Discover new children's books by Indigenous authors to share with children all year round. Looking for more? Check out these resources:
- American Indians in Children's Literature
- National Museum for the American Indian
- American Indian Youth Literature Award
- Indigenous Authors for Kids in Early Childhood
- Indigenous Authors for Kids in Early Elementary
- Indigenous Authors for Kids in Upper Elementary
Visit denverlibrary.org/indigenous-heritage for additional activities, resources, and recommendations.
Ancient Night is a twist on two Nahuatl traditions: the rabbit which the Feathered Serpent placed on the moon, and Yaushu, the Lord Opossum who ruled the earth before humans came, and who stole fire from the gods to create the sun. Award-winning author David Bowles has written a poetic text - and carefully researched backmatter - to accompany David's lush illustrations and story.
Nikosis grew up going to powwows with his family, happily immersed in music, dance, and the sounds of the drum. But when he starts going to daycare, he doesn't feel like he belongs. Nikosis cries every time his mother leaves him in the unfamiliar environment until, one day, she and the teachers use drums to help Nikosis find connection and comfort. Inspired by her son's experience--and her family's love of powwow music and dance--Indigenous educator and champion hoop dancer Sandra Lamouche shares this uplifting true story of the transformative effects of culturally safe and inclusive early childhood education.
When the world gets too loud and chaotic, a young boy's grandfather helps him listen with wonder instead. Kids laughing, sneakers squeaking, balls bouncing--for Thunder, the sounds of the school day often brew into overwhelming noise storms. But when Thunder's mosom asks him what he hears on an urban nature walk, Thunder starts to understand how sounds like bird wings flapping and rushing water can help him feel calm and connected. Gentle, inviting illustrations by Joshua Mangeshig Pawis-Steckley emphasize Mosom's lessons about the healing power of the world around us.
Through poems that capture the essence of each person's life, acclaimed Native American writer Joseph Bruchac introduces readers to famous indigenous leaders from The Peacemaker in 1000 A.D. to modern day dancer Maria Tallchief and Cherokee chief Wilma Mankiller. Each poem is illustrated by a modern-day tribally enrolled artist.
Mia is still getting used to living with her mom and stepfather, and to the new role their Jewish identity plays in their home. Feeling out of place at home and at her Jewish day school, Mia finds herself thinking more and more about her Muscogee father, who lives with his new family in Oklahoma. Her mother doesn't want to talk about him, but Mia can't help but feel like she's missing a part of herself without him in her life. Soon, Mia makes a plan to use the gifts from her bat mitzvah to take a bus to Oklahoma--without telling her mom--to visit her dad and find the connection to her Muscogee side she knows is just as important as her Jewish side.
As a young Tlingit girl collects wild berries over the seasons, she sings with her Grandmother as she learns to speak to the land and listen when the land speaks back.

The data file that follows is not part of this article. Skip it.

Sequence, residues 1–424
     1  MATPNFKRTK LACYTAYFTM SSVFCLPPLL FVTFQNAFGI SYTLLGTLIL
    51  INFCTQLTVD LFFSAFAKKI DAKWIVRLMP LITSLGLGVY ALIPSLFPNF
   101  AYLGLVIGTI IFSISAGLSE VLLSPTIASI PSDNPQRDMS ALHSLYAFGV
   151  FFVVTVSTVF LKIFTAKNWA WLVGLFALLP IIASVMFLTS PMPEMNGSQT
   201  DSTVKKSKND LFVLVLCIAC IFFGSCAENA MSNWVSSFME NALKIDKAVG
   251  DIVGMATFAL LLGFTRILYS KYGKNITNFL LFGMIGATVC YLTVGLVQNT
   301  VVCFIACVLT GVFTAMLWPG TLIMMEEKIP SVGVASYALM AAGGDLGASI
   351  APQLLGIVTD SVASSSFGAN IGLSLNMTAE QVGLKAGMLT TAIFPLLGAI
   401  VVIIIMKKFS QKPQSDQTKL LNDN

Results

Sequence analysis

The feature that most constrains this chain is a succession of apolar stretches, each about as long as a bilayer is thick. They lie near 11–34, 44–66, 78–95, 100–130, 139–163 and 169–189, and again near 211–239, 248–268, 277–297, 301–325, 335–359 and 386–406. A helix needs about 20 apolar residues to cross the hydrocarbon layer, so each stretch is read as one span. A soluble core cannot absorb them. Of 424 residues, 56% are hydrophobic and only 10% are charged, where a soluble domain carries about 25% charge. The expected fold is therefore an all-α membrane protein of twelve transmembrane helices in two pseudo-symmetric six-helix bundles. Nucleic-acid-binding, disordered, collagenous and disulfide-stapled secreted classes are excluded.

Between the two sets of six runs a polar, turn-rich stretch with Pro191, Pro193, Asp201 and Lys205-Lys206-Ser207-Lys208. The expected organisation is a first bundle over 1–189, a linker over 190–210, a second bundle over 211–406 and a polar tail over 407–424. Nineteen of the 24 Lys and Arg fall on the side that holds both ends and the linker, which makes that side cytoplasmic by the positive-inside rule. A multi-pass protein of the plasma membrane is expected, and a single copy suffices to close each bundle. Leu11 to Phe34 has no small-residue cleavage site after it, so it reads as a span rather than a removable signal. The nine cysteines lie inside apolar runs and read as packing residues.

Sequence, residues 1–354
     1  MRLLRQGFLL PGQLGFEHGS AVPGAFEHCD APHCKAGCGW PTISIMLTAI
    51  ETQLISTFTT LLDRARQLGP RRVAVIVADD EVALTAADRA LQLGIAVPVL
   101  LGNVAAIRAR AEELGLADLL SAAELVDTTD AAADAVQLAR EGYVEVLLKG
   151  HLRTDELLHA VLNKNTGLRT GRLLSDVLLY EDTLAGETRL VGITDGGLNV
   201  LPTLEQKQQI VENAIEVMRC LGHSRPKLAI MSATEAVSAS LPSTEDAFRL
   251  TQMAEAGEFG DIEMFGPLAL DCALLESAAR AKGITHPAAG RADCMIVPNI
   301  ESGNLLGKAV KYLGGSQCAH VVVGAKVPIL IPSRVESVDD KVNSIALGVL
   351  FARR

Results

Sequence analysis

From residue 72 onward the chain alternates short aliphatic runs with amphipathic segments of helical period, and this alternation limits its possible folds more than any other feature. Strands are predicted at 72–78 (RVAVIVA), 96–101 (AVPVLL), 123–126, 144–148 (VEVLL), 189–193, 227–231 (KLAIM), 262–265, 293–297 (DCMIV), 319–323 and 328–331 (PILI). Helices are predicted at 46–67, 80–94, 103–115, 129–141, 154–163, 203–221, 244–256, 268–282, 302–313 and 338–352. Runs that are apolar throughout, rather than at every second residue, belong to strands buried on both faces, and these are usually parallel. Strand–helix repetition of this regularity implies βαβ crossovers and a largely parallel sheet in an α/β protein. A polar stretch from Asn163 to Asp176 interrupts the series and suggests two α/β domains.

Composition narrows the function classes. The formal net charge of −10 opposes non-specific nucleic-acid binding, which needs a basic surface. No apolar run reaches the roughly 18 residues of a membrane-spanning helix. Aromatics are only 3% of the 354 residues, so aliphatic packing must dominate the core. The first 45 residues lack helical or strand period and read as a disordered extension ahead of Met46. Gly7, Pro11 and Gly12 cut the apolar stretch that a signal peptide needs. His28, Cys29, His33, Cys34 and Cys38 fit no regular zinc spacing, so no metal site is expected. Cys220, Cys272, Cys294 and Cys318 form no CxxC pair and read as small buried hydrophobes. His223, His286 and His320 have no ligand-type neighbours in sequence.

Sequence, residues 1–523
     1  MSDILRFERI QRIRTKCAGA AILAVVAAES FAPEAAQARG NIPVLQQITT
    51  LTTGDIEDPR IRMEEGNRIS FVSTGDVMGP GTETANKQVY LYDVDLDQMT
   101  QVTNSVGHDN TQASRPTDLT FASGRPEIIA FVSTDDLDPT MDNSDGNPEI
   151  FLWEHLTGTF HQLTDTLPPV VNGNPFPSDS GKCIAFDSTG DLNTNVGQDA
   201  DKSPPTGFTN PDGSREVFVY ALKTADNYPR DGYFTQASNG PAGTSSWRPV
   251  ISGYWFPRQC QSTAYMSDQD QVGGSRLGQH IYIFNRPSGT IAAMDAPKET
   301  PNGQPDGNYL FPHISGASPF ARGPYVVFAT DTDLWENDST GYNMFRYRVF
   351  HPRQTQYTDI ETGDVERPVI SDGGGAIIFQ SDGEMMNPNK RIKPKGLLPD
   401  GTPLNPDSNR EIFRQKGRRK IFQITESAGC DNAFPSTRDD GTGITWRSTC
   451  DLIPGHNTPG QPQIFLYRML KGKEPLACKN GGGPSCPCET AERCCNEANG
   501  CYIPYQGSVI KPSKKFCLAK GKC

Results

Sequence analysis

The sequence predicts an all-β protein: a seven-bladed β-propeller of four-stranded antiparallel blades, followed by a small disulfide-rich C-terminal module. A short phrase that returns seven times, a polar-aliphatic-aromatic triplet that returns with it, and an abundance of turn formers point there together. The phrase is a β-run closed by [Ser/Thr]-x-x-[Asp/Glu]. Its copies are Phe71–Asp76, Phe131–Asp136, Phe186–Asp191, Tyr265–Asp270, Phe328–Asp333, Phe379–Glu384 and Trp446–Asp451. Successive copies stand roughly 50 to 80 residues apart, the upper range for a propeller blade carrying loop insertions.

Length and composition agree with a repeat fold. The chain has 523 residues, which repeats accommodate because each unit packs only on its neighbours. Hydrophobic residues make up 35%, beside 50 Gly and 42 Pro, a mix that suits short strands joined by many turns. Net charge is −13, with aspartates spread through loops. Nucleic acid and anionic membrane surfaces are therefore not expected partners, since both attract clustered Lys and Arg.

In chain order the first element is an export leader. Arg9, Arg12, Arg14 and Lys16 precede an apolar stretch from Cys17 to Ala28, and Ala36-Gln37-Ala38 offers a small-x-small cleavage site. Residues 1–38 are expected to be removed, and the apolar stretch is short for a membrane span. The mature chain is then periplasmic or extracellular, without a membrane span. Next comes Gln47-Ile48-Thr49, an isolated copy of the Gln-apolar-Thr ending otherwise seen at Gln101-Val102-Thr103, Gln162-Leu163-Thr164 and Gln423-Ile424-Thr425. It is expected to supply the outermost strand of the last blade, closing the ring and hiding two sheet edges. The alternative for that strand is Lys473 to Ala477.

Amanda and Kara are cousins and best friends in an intertribal Native American family; but Kara's family leaves the city and moves back to the Rez, making both girls sad--but the summer reunion reminds them that they will always be cousins.
One activist's story shows how indigenous communities can fight to protect their sacred lands-and win.
Picture book adaptation of the renowned poem that encourages young readers to reflect on family, nature, and their heritage. In simple and direct language, Harjo, a member of the Mvskoke Nation, urges readers to pay close attention to who they are, the world they were born into, and how all inhabitants on earth are connected. Michaela Goade, drawing from her Tlingit culture, has created vivid illustrations that make the words come alive in an engaging and accessible way.
A middle grade survey nonfiction work celebrating North American Indigenous knowledge and Native contributions to contemporary STEM.
From New York Times bestselling picture book author Carole Lindstrom and illustrator Bridget George comes Autumn Peltier, Water Warrior, an inspiring picture book biography about two Indigenous Rights Activists, Josephine Mandamin and Autumn Peltier.
After generations of short hair in her family, a little girl celebrates growing her hair long to connect to her culture and honor the streength and resilience of those who came before her.
A picture book about two siblings who go on a strange, beautiful adventure while visiting with their grandfather.
In this lyrical picture book by Kim Rogers (Wichita), with illustrations by Boston Globe-Horn Book Honoree Julie Flett (Cree-Métis), Becca watches her grandma create, play, and dance--and she knows that she wants to be just like Grandma.
With humor and heart, and brought to life by Jonathan Nelson’s warm, distinctive artwork, Kim Rogers’s A Letter for Bob celebrates the treasured cars that carry us through our most meaningful childhood moments.
This beautiful and gentle song celebrates the plants and animals of the Prairies and the Plains while honoring our spiritual connection to the land.
Phoenix loves to play with dolls and marvel at pretty fabrics. Most of all, he loves to dance--ballet, Pow Wow dancing, of just swirling and twirling around his house. Sometimes Phoenix gets picked on and he struggles with felling different, but his mom and brother are proud of him. With their help, Phoenix learns about Two Spirit/Niizh Manidoowag people in Anishinaabe culture and just how special he is.